Youcef Nadarkhani, a Christian pastor in Iran, faces the death penalty if he refuses to convert to Islam.

Pastor Nadarkhani has been convicted of apostasy, the crime of abandoning a religious faith. Despite the fact that he was never anything other than a Christian, Iranian clerics have determined that since his ancestors practiced Islam he is still considered guilty.

While an appeal trial determined that Nadarkhani was not an apostate, Iran's Supreme Court upheld the original decision from the 11th branch of Iran’s Gilan Provincial Court. And while apostasy isn't technically in Iran's penal code, it is punishable under religious texts and Ayatollah Khomeini's fatwas.

Nadarkhani, who was arrested in 2009, has been given three chances to repent and convert to Islam. All three times he has refused. Nadarkhani was given his fourth and final chance to give up Christianity on Wednesday, which he again declined. No verdict has been announced, but many expect that he could be put to death as soon as Thursday.

Repent means to return. What should I return to? To the blasphemy that I had before my faith in Christ? Nadarkhani reportedly said at his trial.

To the religion of your ancestors, Islam, the judge replied, according to the American Center for Law & Justice.

I cannot, Nadarkhani conlcuded.

The looming execution has outraged international human rights organizations, and a number of Christian and activist groups are trying to rally a public outcry.

Freedom of belief, which includes the right to change one’s religion, is protected under Article 18 of the International Covenant on Civil and Political Rights, to which Iran is a state party, Amnesty International stated.

Iran executes the second most people per year, more than every country in the world beside China. Iran has held almost 100 executions in September alone, most, but not all of which, have been reported by the government.

There have been about 400 total executions so far in 2011 in Iran, according to Amnesty International. These include Iran's “retribution” sentences, which are their own class of penalty given only to convicted murderers.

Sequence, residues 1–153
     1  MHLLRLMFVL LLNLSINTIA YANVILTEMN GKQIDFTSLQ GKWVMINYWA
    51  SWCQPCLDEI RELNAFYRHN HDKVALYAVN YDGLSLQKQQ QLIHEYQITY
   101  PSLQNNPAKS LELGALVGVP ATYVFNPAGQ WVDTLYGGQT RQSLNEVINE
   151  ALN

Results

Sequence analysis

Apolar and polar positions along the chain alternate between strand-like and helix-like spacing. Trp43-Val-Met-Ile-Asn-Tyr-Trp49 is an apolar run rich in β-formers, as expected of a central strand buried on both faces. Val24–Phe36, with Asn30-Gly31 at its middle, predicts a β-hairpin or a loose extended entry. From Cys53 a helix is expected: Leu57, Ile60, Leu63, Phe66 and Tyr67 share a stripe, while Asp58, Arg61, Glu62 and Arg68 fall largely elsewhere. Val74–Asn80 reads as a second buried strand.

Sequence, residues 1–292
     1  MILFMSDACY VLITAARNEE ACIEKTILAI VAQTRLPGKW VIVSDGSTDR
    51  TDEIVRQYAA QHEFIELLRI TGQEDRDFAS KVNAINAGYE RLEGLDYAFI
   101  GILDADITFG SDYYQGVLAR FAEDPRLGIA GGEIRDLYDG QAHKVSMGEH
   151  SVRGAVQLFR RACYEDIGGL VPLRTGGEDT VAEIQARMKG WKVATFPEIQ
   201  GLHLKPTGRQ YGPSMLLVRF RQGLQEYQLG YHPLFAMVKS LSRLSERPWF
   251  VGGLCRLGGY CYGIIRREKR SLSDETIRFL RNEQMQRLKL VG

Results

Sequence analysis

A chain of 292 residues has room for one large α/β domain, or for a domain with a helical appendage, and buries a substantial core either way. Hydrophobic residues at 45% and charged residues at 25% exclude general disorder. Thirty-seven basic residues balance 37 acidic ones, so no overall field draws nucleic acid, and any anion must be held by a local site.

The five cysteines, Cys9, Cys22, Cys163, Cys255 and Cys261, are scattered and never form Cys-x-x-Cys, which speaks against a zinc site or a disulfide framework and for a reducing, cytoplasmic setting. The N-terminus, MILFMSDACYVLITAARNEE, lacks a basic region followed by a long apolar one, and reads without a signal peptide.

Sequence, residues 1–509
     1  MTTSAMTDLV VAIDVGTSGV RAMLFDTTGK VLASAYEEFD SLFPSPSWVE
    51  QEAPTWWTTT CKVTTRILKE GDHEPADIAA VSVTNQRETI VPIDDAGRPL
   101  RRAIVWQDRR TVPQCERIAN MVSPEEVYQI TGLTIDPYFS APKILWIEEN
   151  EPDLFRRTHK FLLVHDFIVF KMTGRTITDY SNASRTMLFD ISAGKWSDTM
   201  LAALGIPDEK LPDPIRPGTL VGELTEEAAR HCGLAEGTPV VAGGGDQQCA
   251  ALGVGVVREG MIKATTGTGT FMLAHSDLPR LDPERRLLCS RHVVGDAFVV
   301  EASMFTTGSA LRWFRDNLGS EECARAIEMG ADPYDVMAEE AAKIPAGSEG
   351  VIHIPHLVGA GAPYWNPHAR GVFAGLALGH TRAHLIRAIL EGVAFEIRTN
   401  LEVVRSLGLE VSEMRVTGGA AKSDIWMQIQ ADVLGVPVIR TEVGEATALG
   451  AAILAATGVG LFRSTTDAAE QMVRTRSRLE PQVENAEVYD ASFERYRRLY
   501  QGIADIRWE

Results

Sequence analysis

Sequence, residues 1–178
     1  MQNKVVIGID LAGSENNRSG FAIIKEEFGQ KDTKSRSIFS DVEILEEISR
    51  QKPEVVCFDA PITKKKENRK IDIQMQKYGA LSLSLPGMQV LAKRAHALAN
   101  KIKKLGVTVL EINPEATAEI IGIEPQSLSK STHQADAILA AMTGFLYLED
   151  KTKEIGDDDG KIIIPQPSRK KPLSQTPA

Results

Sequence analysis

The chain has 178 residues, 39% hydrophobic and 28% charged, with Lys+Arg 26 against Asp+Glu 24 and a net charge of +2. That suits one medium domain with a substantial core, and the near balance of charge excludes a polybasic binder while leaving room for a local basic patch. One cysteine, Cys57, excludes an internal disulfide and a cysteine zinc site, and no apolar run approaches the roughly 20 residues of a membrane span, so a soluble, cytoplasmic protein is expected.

Additionally, Iran is one of the few places where teenagers can be given the death penalty. Last Wednesday, 17-year-old Alireza Molla-Soltani was publicly hanged for the murder of Ruhollah Dadashi, a famous athlete known as Iran's Strongest Man.

“The execution of a 17-year-old is deeply shocking, particularly when carried out in public, which brutalizes all those involved, including those who witness it,” stated Amnesty's Deputy Director for the Middle East and North Africa, Hassiba Hadj Sahraoui.

“Executing juvenile offenders – whatever their age at the time of execution - is strictly forbidden under international treaties that Iran has signed up to. It is high time for the Iranian authorities to take their international obligations seriously and immediately stop executing teenagers, she added.

The execution process is much speedier in Iran than in the U.S., where death row inmates sit for years before being killed. Alireza Molla-Soltani was sentenced to death on Aug. 20, denied appeal on Sept. 11, then hanged on Sept. 21.

Nadarkhani is just the latest Christian to be detained in Iran. Between June 2010 and January 2011, at least 202 people were arrested for their religious beliefs, according to UK-based Elam Ministries. Nonetheless, no one has been executed for apostasy in Iran for 20 years, Amnesty claims.

While Iran's government claims to promote tolerance, it continues to imprison many of its people because of their faith, U.S. House Speaker John Boehner said in a statement. This goes beyond the law to an issue of fundamental respect for human dignity. I urge Iran's leaders to abandon this dark path, spare [Nadarkhani's] life, and grant him a full and unconditional release.